Probably will wait a little and then top-up again to a further reduced target, if we see further weakness.

    Testing times.

  • 4 Jaygti December 12, 2015, 7:45 pm

    Sadly I’m in the same boat. I went for Junior Oils as I’m only investing a small amount (£3k ish).
    To be fair I’ve only been drip feeding small amounts in , and I still have some way to go, but I’m still about 12% down.
    I still feel its was the right decision, it just my ( and your ) timing that’s off.

  • 5 The Investor December 12, 2015, 10:39 pm

    Ah, but you see as per my original post on buying the bunch of E&Ps, I’ve already sold! 🙂

    I’ve locked in the tax loss and rolled the money into an E&P ETF with not perfect but good enough for government work correlation.

    If that falls significantly before April I’ll sell that and roll back into the junior oils. (Yes, the costs are meaningful).

    Another key point is as explained in the original article I’ve added much more energy related stocks in my ISAs on top of this. That is being managed with a *very* different mindset.

    This is an unusual state of affairs for me, as previously discussed — I don’t recommend it. It’s to do with my annoying cgt this year. I bought the basket because I thought such falls we’re possible but I expected over months if it happened, not weeks! 🙂

  • 6 Martin December 13, 2015, 11:13 am

    @The Investor
    @The Accumulator

    Boring question but how are you keeping a track of your portfolios?
    Is Excel the only answer when you have multiple pots?

  • 7 The Investor December 13, 2015, 12:19 pm

    @Martin — I use a unitized Google Spreadsheet: http://monevator.com/how-to-unitize-your-portfolio/

  • 8 Gregory December 13, 2015, 3:34 pm

    @ TI – “People accept that active managers can’t beat the market and it’s just not true.” He has no plans to abandon the stock market for other leisure pursuits. “It’s a fun exercise,” he says. “Beats the hell out of golf.”
    http://www.wsj.com/articles/peter-lynch-25-years-later-its-not-just-invest-in-what-you-know-1449459844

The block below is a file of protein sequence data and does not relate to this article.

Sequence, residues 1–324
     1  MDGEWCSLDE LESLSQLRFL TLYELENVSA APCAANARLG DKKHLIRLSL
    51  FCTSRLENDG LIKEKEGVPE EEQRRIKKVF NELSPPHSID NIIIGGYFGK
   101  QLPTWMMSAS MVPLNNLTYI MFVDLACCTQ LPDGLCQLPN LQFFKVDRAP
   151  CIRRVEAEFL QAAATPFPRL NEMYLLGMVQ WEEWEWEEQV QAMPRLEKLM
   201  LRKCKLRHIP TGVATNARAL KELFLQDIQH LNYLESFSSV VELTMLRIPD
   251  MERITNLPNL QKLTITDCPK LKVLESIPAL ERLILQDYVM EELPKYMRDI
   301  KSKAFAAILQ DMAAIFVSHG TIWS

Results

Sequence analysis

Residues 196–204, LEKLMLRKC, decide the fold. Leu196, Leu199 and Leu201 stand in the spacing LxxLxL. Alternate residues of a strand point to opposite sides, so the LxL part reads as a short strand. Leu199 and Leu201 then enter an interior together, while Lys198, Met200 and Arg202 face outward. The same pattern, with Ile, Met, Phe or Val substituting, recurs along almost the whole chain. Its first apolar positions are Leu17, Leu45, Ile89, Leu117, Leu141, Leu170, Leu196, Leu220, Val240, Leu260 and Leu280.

• 9 SemiPassive December 13, 2015, 5:02 pm

    The Felder Report link isn’t very motivational is it? 😉
    The latest sell off is a bit of opportunity to top up on my two worst performing tracker ETFs, FTSE100 and an Emerging Markets tracker, both indices dragged down more due to hefty mining and oil exposure. However I’m already hugely overweight equities in my SIPP and need to rebalance by putting new money into bond funds over the course of 2016. Much as it feels wrong due to interest rates about to creep up (maybe!) I need at least some fixed interest in there to dampen volatility, plus there is always the terrible possibility of the Felder Report being proven right.
    I still think commodity stocks will come roaring back by 2017. It will be tempting to pile into a natural resources investment trust nearer the time, but it goes against the rule I set to avoid sector-specific funds and trusts, with all the active decisions they entail.

  • 10 PF December 15, 2015, 1:31 pm

    Mauboussin’s rule of thumb is interesting and I’m inclined to go along with it.

    However, I’d be interested in views.

    Is this true always or sometimes : it must be a matter of luck if a player makes loser’s moves in a game of skill, but still comes out on top.

  • 11 Minikins December 16, 2015, 9:08 pm

    Well, we all know what Taleb thinks of this one.. It’s human nature to inflate skill when we win and blame luck when we lose. His is a compelling argument but I felt a tinge of personal regret running through it..

  • 12 Minikins December 17, 2015, 11:04 am

    An interesting quote this morning on factors in the development of cancer, the director of Stony Brook Cancer Centre in New York on the recent Nature study.
    “They can’t smoke and say it’s bad luck if they have cancer. It’s like a revolver, intrinsic risk is one bullet. And if playing Russian roulette, then maybe one in six will get cancer-that’s the intrinsic bad luck. Now what a smoker does is add two or three more bullets to the revolver. And now, they pull the trigger. ”
    The problem is how much choice is there in extrinsic risk in investing.

  • 13 magneto December 17, 2015, 12:54 pm

    “The problem is how much choice is there in extrinsic risk in investing.”

    @ Minikins : a little head scratching! Can you develop the above thought? Thanks

    @TI : decided over weekend to top up Commodity Income to 6% on Monday last. It was a struggle to commit. Now watch them fall again!
    Difficult to determine the extent of dividend cuts that will be coming through in the next few years.

    All Best

  • 14 Minikins December 18, 2015, 10:28 am

    @magneto I’m afraid my critical thought processes are slightly wobbly this morning after a work Christmas bash/night out 🙂 I can’t even unpack what I wrote! Oh dear

  • 15 Vanna Lindholm December 25, 2015, 11:05 pm

    Nice quote :), I am still laughing

    ”Buy shares tipped by crazy-sounding people on social media”

    thanks for sharing 🙂